Getting Commonwealth-State relations right is a key factor in our ability to recover in the best way from this global recession. COAG's revitalised reform agenda is aimed at delivering better services to the Australian community, enhancing sustainability, addressing social inclusion and closing the gap in Indigenous disadvantage. Key reforms include changing the framework for federal financial relations and modernising specific purpose payments; improving the efficiency of markets in transport, energy and water; and reshaping the way key services such as health, education and housing are funded and delivered.
As you know, we are also undertaking a comprehensive review of state and federal taxes. The Henry Review will consider measures to harmonise and simplify taxes, reduce inefficient taxes, ensure a progressive system, and address negative interactions between the tax and transfer payment systems.
The Budget included significant pension reform to ensure the pension system remains sustainable over the long-term, particularly given the challenges of an ageing population, and ensure spending is focused where it is most needed. And to boost participation in the long-run, we took the historic decision to implement a Paid Parental Leave scheme.
Our efforts to tackle climate change will also play an important role in positioning Australia for the recovery. We will invest $4.5 billion as part of a new Clean Energy Initiative designed to assist Australia's transition to a low-pollution economy, improve our competitiveness and help us create the jobs of the future. And substantial progress has been made in the area of energy market reform, including efforts to create an efficient national market.
All of this is occurring within a strict framework of fiscal sustainability, which is essential for maintaining macroeconomic stability, reducing economic vulnerabilities and improving economic performance. We will return the Budget to surplus by allowing the level of tax receipts to recover naturally as the economy strengthens, and holding real growth in spending to 2 per cent per annum once economic growth is above trend.
Our ability to succeed in these ambitious endeavours goes to the heart of our national character. And it goes right to the heart of what this global recession has taught us about our country. What it has taught us about ourselves, and what it has taught us about the capacity of the Australian people to cope with global challenges not of our own making.
Over the past quarter of a century, Australian firms, workers and families have shown a remarkable capacity to adapt to change, indeed to thrive and prosper from it. The clear sighted and courageous reform agenda that commenced in the 1980s was the catalyst that reinvigorated the Australian economy and allowed it to successfully meet the challenges that arose. And one of the key lessons this reform experience taught us is that delaying the necessary reform ultimately leads to higher costs to business and the community.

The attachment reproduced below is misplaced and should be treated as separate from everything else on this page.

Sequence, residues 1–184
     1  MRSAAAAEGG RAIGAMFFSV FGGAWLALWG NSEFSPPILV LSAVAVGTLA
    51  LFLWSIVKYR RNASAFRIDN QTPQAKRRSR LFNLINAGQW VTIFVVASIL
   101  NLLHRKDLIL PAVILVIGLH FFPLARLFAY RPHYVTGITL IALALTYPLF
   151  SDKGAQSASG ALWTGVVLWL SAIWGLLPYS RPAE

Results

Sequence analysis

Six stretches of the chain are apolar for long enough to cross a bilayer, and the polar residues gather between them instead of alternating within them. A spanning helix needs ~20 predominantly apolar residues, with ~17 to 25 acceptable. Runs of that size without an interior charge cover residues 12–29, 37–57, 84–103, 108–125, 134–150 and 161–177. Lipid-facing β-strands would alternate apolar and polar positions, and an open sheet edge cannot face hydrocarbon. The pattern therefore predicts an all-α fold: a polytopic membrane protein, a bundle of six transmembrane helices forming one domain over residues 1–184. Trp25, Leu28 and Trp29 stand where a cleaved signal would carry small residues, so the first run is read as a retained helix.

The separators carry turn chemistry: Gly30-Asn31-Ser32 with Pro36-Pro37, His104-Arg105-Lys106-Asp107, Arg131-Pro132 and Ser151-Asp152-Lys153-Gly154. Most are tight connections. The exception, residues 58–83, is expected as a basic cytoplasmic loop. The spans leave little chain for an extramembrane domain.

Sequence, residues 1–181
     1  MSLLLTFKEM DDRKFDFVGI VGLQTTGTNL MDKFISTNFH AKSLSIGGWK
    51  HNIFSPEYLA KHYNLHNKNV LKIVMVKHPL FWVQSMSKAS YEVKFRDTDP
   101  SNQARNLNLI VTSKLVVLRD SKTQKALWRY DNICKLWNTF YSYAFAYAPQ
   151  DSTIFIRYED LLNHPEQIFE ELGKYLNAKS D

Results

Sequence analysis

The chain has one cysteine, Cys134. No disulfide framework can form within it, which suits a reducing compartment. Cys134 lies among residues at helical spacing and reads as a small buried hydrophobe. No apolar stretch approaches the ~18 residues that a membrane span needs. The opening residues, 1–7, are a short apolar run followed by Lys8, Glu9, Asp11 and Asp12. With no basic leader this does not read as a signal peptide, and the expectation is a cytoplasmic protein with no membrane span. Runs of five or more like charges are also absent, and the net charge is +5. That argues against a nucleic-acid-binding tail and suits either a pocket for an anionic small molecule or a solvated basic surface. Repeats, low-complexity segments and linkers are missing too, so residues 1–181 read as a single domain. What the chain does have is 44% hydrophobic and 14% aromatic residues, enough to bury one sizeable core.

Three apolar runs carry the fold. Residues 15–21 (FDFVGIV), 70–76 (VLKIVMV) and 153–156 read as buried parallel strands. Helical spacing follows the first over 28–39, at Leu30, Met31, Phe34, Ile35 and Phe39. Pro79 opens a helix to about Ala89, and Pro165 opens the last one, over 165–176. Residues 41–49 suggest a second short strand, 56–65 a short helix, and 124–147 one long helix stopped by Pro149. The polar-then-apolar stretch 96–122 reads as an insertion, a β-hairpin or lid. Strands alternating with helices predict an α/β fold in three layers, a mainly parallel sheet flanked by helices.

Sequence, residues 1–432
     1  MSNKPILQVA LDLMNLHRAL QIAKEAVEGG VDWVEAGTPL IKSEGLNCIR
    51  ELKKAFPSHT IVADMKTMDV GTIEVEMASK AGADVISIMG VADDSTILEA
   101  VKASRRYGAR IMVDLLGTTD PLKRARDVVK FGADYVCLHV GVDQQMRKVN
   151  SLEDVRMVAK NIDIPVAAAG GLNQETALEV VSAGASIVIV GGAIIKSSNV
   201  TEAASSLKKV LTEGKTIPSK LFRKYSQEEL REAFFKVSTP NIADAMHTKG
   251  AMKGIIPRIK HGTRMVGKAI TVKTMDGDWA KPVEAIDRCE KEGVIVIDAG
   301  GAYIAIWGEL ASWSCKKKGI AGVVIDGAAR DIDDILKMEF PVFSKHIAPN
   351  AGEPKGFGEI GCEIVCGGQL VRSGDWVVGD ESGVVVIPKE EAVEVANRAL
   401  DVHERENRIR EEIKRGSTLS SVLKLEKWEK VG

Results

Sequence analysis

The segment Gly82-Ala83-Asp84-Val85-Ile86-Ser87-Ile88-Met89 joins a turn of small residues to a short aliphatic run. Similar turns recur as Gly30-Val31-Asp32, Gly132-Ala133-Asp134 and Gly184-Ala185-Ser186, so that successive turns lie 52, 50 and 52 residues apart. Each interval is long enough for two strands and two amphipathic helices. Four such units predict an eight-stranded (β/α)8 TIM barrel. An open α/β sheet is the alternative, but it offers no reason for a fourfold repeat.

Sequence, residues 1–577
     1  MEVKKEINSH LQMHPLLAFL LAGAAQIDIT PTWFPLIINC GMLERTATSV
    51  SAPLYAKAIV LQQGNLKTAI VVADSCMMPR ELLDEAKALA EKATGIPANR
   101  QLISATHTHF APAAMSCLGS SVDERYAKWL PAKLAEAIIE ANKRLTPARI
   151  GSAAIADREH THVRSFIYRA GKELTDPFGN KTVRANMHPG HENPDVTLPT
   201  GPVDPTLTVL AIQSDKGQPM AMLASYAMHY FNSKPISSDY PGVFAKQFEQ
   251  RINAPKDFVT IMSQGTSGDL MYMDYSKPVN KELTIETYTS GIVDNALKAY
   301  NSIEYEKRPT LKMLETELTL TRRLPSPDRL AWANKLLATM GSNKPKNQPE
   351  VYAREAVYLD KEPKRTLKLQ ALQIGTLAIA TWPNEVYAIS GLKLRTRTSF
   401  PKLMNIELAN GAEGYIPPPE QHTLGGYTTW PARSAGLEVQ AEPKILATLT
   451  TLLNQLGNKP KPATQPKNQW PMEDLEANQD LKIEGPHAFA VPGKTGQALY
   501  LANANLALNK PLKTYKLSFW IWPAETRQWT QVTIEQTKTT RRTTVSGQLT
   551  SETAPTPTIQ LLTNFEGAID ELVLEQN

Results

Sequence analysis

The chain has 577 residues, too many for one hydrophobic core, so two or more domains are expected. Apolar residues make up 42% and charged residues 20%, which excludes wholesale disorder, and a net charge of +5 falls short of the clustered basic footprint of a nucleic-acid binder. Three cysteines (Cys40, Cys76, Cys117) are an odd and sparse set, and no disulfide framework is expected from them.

The challenges in the years ahead are as great as any we have faced since the 1930s. I am confident that the Government and community can effectively meet these challenges and modernise the economy together. And we can do it in a way that makes better use of more of our people.
I have said many times that I am optimistic about the future. I am. And one of the things that gives me that optimism is the resilience and courage and strength of the Australian community, in tough times.
I'm also heartened by the community's willingness to educate themselves about this global recession and what it means for Australia. I've lost count of the amount of times I've been stopped in the shops on Sandgate Road in my electorate or in suburban Sydney or Melbourne to be asked detailed questions by average Australians about our economy. And I've been delighted by the response I've received to a weekly note I send out, updating Australians on the global and local economy.
The fact is too many Australians will be hurt by this global recession. That's why it is so important we pull together as a nation and face up to the worst the world can throw at us.
It's also why it's so important we build a new generation of prosperity based on the best kind of economic recovery. A recovery that makes the next generation of prosperity better than the last. A nation building recovery which supports jobs and invests in the human and physical capital we'll need to spring out of this global recession as the best placed nation on earth.